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The Tomb of the Horatii and Curiatii
Collection of the Earl of Pembroke, Wilton House, Wilts. / The Bridgeman Art Library
Richard Wilson (1713/14-1782)
The Tomb of the Horatii and Curiatii
Oil on canvas
48.5 x 74.3 cm
19 1/8 x 29 1/4 in.
The tomb is on the Via Appia Nuova, just beyond Albano on the way to Ariccia. Only two of its towers now survive. Here it is shown standing on sandy ground with the road running past to the left. A coach and horses are passing along it in a cloud of dust and in the distance figures disappear into the woodland. A goatherd with his dog, a flock of goats and a kid cross the foreground from the left and there are trees behind the tomb and in the background.
SA 1760 (73); Birmingham 1948-9 (53, lent Earl of Pembroke); London 1949 (52, lent Earl of Pembroke)
Probably bt by Henry, 10th Earl of Pembroke (d. 1794) or his son, George (d. 1827)
Unsigned; no inscription
The clouds are thinly painted and unsatisfactory, especially at the left. The figures are tiny and the colour concentrated within them. The trees are very misty and undifferentiated while the goats are very close to those in P87 Ariccia - II, Collection of the Earl of Pembroke, Wilton House, Wiltshire
[1] On the back of the canvas is painted in black letters in a late 18th century or early 19th century hand: 'Pembroke House. Wilson. Tomb of the Horatii and Curiatii'
The tomb near Albano is in the Etruscan manner, a massive cube originally surmounted by five obtuse cones of which two are still standing.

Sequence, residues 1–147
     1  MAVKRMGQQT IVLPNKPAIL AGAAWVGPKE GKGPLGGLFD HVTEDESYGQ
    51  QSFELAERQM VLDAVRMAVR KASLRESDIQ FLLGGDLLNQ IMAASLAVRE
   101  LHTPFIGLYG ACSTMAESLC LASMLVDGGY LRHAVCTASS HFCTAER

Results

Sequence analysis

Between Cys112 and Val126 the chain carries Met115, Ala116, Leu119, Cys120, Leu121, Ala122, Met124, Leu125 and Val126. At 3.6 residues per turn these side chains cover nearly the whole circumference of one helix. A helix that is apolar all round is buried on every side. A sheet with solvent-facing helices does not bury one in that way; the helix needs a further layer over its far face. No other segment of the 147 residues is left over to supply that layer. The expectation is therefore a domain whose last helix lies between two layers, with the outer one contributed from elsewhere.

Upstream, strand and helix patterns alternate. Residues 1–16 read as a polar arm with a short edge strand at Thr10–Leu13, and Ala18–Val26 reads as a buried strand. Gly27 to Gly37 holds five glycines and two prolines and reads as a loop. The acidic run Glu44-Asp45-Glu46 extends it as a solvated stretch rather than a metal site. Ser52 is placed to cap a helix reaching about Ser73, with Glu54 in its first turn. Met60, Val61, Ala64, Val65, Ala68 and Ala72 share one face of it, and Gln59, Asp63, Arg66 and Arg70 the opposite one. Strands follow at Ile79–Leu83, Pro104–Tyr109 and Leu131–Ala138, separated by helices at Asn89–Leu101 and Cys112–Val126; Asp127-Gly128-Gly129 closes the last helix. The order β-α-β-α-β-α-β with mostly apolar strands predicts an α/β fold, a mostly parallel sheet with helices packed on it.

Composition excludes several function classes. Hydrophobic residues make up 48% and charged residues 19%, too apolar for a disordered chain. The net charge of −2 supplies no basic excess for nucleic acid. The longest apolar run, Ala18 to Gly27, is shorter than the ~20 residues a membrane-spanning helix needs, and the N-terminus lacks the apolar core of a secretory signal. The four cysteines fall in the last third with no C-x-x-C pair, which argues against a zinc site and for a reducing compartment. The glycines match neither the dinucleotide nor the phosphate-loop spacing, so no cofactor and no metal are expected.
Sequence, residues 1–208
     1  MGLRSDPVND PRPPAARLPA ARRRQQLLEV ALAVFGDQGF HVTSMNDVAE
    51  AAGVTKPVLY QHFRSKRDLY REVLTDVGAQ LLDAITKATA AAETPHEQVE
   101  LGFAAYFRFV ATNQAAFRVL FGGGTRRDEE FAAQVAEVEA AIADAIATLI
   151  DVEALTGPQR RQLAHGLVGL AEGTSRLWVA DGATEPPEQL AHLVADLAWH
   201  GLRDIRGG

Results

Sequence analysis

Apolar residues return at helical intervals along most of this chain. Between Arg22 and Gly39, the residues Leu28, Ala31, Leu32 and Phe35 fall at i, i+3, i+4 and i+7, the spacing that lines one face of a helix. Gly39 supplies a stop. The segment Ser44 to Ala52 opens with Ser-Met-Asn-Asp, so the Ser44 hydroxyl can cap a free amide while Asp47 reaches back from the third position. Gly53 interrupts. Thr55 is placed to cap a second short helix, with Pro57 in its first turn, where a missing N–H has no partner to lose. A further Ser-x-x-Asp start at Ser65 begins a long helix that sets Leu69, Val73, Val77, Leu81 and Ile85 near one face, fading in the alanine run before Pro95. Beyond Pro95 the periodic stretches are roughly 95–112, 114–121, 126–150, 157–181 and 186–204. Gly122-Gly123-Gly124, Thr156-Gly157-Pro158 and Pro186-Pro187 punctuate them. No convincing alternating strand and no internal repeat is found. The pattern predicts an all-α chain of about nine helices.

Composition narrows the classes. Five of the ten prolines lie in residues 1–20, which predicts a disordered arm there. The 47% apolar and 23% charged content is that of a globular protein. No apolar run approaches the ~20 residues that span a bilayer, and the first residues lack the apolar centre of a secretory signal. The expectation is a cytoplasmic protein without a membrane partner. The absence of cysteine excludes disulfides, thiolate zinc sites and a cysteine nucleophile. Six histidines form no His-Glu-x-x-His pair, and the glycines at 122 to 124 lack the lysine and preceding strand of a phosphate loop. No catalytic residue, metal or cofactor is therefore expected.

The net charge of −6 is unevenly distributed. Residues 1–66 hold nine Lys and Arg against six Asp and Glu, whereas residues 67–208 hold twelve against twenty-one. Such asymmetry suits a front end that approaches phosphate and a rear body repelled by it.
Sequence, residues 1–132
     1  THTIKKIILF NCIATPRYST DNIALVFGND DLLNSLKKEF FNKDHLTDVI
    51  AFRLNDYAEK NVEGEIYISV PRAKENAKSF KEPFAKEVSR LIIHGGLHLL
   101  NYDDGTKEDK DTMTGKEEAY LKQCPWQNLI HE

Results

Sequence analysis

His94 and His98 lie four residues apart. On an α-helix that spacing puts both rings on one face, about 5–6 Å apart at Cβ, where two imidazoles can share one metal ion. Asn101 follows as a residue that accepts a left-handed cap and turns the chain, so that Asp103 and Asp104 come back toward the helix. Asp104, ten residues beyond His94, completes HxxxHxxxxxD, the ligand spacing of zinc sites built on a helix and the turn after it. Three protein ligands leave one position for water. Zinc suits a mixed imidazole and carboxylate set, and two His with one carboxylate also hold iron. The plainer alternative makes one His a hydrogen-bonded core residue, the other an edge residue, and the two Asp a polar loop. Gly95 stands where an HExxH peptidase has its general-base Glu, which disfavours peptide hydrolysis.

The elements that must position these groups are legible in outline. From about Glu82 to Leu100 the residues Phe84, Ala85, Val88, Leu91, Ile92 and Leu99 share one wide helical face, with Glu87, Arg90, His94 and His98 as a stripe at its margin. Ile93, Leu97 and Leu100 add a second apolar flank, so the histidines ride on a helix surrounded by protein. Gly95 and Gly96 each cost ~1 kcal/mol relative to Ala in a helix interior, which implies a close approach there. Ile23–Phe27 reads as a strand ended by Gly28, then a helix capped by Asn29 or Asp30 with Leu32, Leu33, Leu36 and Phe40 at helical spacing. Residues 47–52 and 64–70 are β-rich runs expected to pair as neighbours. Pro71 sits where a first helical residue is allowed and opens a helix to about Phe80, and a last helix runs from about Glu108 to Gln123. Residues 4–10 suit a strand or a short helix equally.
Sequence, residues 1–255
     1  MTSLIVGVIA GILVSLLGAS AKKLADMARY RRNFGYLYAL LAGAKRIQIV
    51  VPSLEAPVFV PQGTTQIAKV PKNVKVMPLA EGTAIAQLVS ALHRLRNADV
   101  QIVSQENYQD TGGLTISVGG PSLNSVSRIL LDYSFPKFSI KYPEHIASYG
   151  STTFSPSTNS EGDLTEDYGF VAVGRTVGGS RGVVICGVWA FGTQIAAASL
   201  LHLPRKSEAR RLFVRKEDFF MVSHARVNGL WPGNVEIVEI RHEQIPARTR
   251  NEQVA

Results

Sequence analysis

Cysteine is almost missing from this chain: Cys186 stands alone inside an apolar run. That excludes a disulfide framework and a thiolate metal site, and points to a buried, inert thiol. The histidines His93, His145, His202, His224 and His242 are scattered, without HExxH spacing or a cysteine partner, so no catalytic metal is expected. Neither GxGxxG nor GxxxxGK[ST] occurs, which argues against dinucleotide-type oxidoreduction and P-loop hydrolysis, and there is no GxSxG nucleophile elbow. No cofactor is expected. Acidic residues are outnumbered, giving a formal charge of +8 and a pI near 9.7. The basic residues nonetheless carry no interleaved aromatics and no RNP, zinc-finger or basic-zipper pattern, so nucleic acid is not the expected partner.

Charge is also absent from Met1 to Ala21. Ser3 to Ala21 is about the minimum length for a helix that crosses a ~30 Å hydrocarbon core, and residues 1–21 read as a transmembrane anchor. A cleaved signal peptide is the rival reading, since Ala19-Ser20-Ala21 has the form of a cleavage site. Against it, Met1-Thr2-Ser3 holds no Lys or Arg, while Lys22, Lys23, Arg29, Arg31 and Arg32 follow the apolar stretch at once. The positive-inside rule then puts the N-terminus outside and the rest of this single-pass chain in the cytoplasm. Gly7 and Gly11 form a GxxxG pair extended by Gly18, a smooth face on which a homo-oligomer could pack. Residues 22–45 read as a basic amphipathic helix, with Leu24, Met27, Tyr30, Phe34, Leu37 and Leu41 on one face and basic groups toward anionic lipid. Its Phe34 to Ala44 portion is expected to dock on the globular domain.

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Watercolours: [1] Giovanni Battista Lusieri, View of Lake Averno, 1786, Christie's New York, 29 January 2015 (112)
Differences with P61A and P61A include the presence of only one figure by the tomb. The flock and goatherd are similar to those depicted in P87 Ariccia II in the same collection
WGC, p. 203-4, pl. 82b; S. Pembroke, A Catalogue of the Paintings and Drawings in the Collection at Wilton House, Salisbury, Wltshire, 1968, p. 36, cat. 89
There is no record of when the painting came to Wilton and it is not mentioned in Sidney, Earl of Pembroke and Sir Neville Rodwell Wilkinson,Wilton House Pictures, 1907. P61, P87 and P87A together with a pastoral by Francesco Zuccarelli form part of a set of four paintings at Wilton House in identical carved and gilded wooden frames. George Richardson in his 'Aedes Pembrochianae' (London 1774) mentions a 'Landscape by Wilson', which could be any of the first three. The tomb provided the model for at least two 18th century garden structures in Britain
Cleaned, blisters secured and repaired in 1936 and 1962. Relined 2006 by Richard Watkiss.